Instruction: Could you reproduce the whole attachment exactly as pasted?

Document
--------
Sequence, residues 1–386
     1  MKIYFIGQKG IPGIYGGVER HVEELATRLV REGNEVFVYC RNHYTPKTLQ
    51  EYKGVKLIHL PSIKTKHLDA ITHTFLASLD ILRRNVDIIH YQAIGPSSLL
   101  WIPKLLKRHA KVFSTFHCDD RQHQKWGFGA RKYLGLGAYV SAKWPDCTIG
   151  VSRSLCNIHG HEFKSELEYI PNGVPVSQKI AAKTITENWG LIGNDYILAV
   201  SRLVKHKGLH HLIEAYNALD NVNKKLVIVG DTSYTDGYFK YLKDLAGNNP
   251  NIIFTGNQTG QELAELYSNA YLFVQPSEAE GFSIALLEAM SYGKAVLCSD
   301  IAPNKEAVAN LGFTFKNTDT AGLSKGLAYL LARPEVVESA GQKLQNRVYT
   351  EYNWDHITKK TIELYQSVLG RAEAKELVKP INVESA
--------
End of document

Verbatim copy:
Sequence, residues 1–386
     1  MKIYFIGQKG IPGIYGGVER HVEELATRLV REGNEVFVYC RNHYTPKTLQ
    51  EYKGVKLIHL PSIKTKHLDA ITHTFLASLD ILRRNVDIIH YQAIGPSSLL
   101  WIPKLLKRHA KVFSTFHCDD RQHQKWGFGA RKYLGLGAYV SAKWPDCTIG
   151  VSRSLCNIHG HEFKSELEYI PNGVPVSQKI AAKTITENWG LIGNDYILAV
   201  SRLVKHKGLH HLIEAYNALD NVNKKLVIVG DTSYTDGYFK YLKDLAGNNP
   251  NIIFTGNQTG QELAELYSNA YLFVQPSEAE GFSIALLEAM SYGKAVLCSD
   301  IAPNKEAVAN LGFTFKNTDT AGLSKGLAYL LARPEVVESA GQKLQNRVYT
   351  EYNWDHITKK TIELYQSVLG RAEAKELVKP INVESA